My Favourite Drills, Period — Part 2
Credit this drill to Dean Vickerman, head coach of Melbourne United. In the last 12 months, this is by far my favourite drill. My players were fired up when they knew we were doing Italian 3v3. When you’re playing in transition, it is all about playing through mistakes and getting onto the next thing. You can play this to a time, such as a 4 minute game, or to a score (7 baskets). Dean’s biggest thing in defensive transition was demand who is picking up the ball, talk it and put a hand up. Mika Vukona an elite example, always “I’ve got ball” and it created urgency around his other team mates.
The Drill — see frames below, it is a continuous 3v3 drill in short. However you will play offence, then you must transition back to defence while playing a new team. Therefore your ability to stop the ball, protect the basket and match up is challenged to be at a high level.
Why I Like It — Unpredictability. The parameters for the day can be whatever you want to work — no dribble, no screens, ball must go to the post, ball screens, 12 second shot clock or simply place emphasis on your defensive transition principles.It helps speed up your inbound game, because that can allow you to score quickly. Once your athletes get the hang of it, the speed of play is incredible. From 12:00 onwards Andrej does the exact same drill in a 2v2 setting, see video link below to have a look.
Frame 1 (left): A1, A5 and A6 play B1, B2, B3.
Frame 2 (middle): Once the team on defense (B) secures the ball, they are no longer involved and step off the floor. B5, B6 and B4 step onto the court and become the new offensive team, they can run off or go to the ball.
Frame 3 (right): To initiate the new team; the first pass must be caught by a player inside the 3pt line (B5 in this case). Now B4, B5 and B6 play 3v3 full court vs A1, A5 and A6. Cycle repeats.
Cotter Drill 2v1+1
Credit this drill to Damian Cotter, previous junior national team coach and current coach in the NBA G-League. Coach talks about how you need to simulate effort and the game within your practice, and get them playing hard first. The opportunity to play through mistakes is a skill, compete and don’t stop. Have to be able to respond to mistakes from yourself, your team mates and your opponents.
The Drill — 2 offensive players on the centre circle facing each other, one defender on the edge of the circle facing the rim. Second defender standing at the foul line directly behind the first defender. The offensive players will stand stationary and pass the ball back and forth, at any time the defender on the circle can try and steal that pass. When he does he must get a two feet over the centre line and get back, while he is recovering the offensive will take off and play 2v1 versus the other defender. They will then play 2v2 back the other way.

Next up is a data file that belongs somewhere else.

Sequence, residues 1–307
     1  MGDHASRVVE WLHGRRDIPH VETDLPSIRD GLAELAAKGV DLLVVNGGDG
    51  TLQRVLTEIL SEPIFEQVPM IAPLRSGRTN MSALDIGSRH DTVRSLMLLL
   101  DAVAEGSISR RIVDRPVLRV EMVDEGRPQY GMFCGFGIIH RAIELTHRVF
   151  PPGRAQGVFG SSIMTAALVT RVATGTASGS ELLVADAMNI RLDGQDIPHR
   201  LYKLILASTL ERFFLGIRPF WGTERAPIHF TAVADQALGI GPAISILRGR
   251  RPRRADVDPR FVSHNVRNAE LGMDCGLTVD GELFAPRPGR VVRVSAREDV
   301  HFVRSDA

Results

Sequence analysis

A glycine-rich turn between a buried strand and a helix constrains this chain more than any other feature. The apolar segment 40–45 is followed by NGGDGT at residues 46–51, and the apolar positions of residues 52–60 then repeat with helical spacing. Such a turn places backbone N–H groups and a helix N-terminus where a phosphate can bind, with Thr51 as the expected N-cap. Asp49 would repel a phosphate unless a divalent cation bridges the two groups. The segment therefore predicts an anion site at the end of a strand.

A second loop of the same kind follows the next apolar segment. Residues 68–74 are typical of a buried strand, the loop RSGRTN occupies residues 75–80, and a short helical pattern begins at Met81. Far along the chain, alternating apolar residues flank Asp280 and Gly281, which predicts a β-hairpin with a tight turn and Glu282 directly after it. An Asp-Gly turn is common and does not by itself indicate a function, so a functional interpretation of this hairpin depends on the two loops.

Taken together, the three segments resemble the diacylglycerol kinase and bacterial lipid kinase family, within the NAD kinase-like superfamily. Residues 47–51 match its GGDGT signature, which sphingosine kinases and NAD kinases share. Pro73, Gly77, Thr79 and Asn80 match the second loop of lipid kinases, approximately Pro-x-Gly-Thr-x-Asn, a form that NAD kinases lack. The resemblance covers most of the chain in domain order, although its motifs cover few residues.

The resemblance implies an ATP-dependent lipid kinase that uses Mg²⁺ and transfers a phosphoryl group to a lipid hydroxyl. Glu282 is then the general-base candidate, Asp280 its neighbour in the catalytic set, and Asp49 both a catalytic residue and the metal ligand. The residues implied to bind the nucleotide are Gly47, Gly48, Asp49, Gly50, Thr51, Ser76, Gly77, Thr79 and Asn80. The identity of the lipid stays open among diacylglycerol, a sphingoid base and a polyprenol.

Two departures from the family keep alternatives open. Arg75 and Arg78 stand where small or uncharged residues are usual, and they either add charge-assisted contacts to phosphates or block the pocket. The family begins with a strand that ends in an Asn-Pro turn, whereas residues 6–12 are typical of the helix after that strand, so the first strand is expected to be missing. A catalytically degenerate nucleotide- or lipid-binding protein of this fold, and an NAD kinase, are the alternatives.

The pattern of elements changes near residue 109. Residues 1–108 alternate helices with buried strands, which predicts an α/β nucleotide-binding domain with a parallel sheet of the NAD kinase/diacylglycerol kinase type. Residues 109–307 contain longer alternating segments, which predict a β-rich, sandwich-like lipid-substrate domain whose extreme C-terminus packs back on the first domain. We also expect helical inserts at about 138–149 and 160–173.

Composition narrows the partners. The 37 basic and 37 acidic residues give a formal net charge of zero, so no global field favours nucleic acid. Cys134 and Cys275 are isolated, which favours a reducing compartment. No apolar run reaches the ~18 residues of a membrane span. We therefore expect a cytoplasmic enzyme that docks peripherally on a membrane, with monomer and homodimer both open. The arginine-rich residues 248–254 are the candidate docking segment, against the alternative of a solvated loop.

Why I like it — it’s a 2v1 scenario which we see in the game, but the way it occurs is not scripted like in 2v1 continuous. You don’t know when you’re going to go, you don’t know how much time you have before the other defender gets back and you have to react quickly. Furthermore 2v2 full court will create temporary 2v1 scenario’s, so similar to the game.It’s all about getting onto the next job quickly. Drill starts at 1:04:20.
Raptors Shooting Drill
Credit this drill to the Toronto Raptors, a drill seen in an NBA draft workout that will challenge your players conditioning and ability to make shots in transition.
The Drill — Player starts at half court with a coach on one end with a ball and a coach on the other end. 2:30 on the clock. All 3-pointers are worth 3 and layups are worth 2. As the clock starts, the player sprints to one corner for a catch & shoot 3 (pass from coach). As soon as he shoots, he sprints up the sideline to the other end for a shot in the corner. After shooting, the player then sprints to take a 3 from the wing. Other end. Top of key is next then wing then corner (10 catch & shoot 3’s). As soon as the last corner 3 is taken, the player sprints to the opposite wing, but instead of a catch & shoot 3, he gets a pass at around half court and dribbles into a 3. He then turns towards the other end for a wing 3. Top of key (x2), Wing (x2). As soon as he takes his sixth dribble-into 3, he will take full-court layups for the remainder of time (2 points for each make). The record supposedly is 57.
Why I Like It — it’s super tough. The game is hard, sometimes you’re blowing for air but athletes have to learn to push through. The absolute best you’re capable of, that’s the metric to challenge yourself against. When the clock runs out, if your athlete is still standing up and not out of breath — they have another level to go to.